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Choosing Your Kubernetes Cloud Provider: The Pros and Cons of AKS

In the evolving cloud-native world, Kubernetes has become the gold standard for container orchestration over the past decade. While there are multiple cloud providers that offer managed Kubernetes services, Microsoft’s Azure Kubernetes Service (AKS) offers compelling capabilities. However, like every other technology, AKS is great at some things and not as great at others. It’s important to understand what those pros and cons are so you can choose the cloud provider that best meets your organization’s (or your team’s) needs.

Pros of AKS

Choosing AKS, just like choosing Amazon Elastic Kubernetes Service (EKS) or Google Kubernetes Engine (GKE), will make it easier for you to deploy Kubernetes. While these providers simplify Kubernetes deployment, each provider is different in terms of cluster configuration and how to best use the service. Let’s start with the pros of using AKS.

1. Integration with the Microsoft Ecosystem

For companies that are already .NET or Microsoft shops, AKS makes sense because it is well supported in the Microsoft ecosystem. AKS also makes it easy to develop and deploy cloud-native apps in Azure, data centers, or at the edge with built-in code-to-cloud pipelines and guardrails. AKS works well for on-premises, edge, and multi cloud Kubernetes clusters. It also interoperates well with Azure security, identity, cost management, and migration services. The Azure Active Directory integration makes cluster authentication easy, leveraging its advanced identity and access management to monitor and maintain container security.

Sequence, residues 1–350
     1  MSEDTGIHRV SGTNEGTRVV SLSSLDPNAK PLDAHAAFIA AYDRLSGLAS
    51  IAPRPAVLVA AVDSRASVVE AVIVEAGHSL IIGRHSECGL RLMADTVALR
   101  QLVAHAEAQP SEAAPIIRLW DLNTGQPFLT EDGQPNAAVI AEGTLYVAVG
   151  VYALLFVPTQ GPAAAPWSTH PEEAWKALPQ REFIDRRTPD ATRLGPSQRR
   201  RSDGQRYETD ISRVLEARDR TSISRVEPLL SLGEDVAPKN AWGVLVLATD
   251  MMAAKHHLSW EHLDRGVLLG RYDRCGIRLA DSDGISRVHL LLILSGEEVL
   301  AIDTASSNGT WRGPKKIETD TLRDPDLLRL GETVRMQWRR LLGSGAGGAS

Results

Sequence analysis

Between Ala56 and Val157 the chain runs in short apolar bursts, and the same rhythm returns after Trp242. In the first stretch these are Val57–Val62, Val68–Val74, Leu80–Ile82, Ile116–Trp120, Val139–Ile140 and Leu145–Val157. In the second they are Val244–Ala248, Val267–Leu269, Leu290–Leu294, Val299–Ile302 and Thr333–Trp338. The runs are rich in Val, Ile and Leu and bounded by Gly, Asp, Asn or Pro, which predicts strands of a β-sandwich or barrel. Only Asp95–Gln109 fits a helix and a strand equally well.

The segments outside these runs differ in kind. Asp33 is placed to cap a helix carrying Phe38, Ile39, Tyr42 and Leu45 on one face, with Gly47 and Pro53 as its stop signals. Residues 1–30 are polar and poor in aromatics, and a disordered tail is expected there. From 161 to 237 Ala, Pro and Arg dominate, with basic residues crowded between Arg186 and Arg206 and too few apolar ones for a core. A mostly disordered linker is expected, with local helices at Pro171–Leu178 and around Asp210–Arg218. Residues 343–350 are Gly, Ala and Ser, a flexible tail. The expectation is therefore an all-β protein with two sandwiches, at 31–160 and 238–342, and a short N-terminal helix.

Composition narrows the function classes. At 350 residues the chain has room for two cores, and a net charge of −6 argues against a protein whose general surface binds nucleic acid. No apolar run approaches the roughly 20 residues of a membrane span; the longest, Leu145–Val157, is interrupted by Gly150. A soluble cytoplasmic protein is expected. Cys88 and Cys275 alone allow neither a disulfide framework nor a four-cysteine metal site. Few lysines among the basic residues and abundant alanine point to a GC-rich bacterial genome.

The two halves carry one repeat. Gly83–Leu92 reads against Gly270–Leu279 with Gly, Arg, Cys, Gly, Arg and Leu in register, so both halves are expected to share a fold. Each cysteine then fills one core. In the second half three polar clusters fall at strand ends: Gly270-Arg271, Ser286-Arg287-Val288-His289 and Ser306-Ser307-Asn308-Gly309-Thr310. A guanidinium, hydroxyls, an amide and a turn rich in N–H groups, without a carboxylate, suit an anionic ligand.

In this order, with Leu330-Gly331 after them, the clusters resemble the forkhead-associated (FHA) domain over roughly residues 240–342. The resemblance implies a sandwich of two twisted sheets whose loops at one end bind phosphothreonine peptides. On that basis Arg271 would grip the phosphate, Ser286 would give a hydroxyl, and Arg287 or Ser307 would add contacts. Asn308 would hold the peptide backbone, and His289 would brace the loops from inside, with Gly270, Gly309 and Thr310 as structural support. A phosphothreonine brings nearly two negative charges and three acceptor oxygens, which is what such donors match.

2. Quick Start for Cloud-Native Development

AKS allows organizations to spin up Kubernetes clusters easily, enabling rapid development and deployment of cloud-native applications. It offers automated management and scaling as well as support for Linux, Windows Server, and IoT resources via Azure Arc.

3. Simplified Kubernetes Management

Managing Kubernetes infrastructure can be complicated and time-consuming. AKS simplifies some Kubernetes management by including debugging, continuous integration/continuous delivery (CI/CD), logging, monitoring, and automated node maintenance.

4. Cost-Effective

AKS ensures that you pay only for compute services. Essentially, you pay for the virtual machines and the associated storage and networking resources associated with them. AKS offers a free tier for cluster management that you can use to get started or to experiment with. It’s easy to upgrade to the standard tier, which is ideal for large-scale applications and mission-critical workloads. The standard tier offers high performance, scalability, and their service level agreement (SLA). AKS only charges for visible infrastructure: regular on-demand, reserved, or spot instance prices. Many services, including master node, cluster management, and others, are available free of charge.

5. Configuration and CLI Support

It’s easy to configure the virtual network and subnet in AKS. In addition, it’s simple to use the Azure command line interface (CLI), which is a robust cross-platform command-line tool that allows you to connect to Azure and execute administrative commands on Azure resources. You can install it locally on Windows, macOS, and Linux computers, from a browser through the  Azure Cloud Shell or from inside a Docker container. AKS offers an automatic repair feature for nodes, which can be paired with auto-scaling node pools.